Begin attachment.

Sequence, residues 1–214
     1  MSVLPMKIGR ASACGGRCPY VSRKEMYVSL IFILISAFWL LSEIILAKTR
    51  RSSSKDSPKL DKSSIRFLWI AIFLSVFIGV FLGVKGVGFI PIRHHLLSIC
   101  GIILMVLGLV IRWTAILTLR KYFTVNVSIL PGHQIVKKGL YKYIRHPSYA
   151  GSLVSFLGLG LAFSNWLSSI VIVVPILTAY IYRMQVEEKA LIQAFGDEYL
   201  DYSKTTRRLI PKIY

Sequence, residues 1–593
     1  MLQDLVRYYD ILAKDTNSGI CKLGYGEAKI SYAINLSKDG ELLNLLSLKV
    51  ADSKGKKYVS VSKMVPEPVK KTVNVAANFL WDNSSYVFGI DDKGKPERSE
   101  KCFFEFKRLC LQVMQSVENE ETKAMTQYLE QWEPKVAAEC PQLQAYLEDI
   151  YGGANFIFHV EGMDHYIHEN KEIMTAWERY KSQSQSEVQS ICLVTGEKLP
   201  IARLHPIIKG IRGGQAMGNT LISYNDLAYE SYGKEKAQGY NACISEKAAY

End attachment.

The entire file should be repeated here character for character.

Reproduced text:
Sequence, residues 1–214
     1  MSVLPMKIGR ASACGGRCPY VSRKEMYVSL IFILISAFWL LSEIILAKTR
    51  RSSSKDSPKL DKSSIRFLWI AIFLSVFIGV FLGVKGVGFI PIRHHLLSIC
   101  GIILMVLGLV IRWTAILTLR KYFTVNVSIL PGHQIVKKGL YKYIRHPSYA
   151  GSLVSFLGLG LAFSNWLSSI VIVVPILTAY IYRMQVEEKA LIQAFGDEYL
   201  DYSKTTRRLI PKIY

Sequence, residues 1–593
     1  MLQDLVRYYD ILAKDTNSGI CKLGYGEAKI SYAINLSKDG ELLNLLSLKV
    51  ADSKGKKYVS VSKMVPEPVK KTVNVAANFL WDNSSYVFGI DDKGKPERSE
   101  KCFFEFKRLC LQVMQSVENE ETKAMTQYLE QWEPKVAAEC PQLQAYLEDI
   151  YGGANFIFHV EGMDHYIHEN KEIMTAWERY KSQSQSEVQS ICLVTGEKLP
   201  IARLHPIIKG IRGGQAMGNT LISYNDLAYE SYGKEKAQGY NACISEKAAY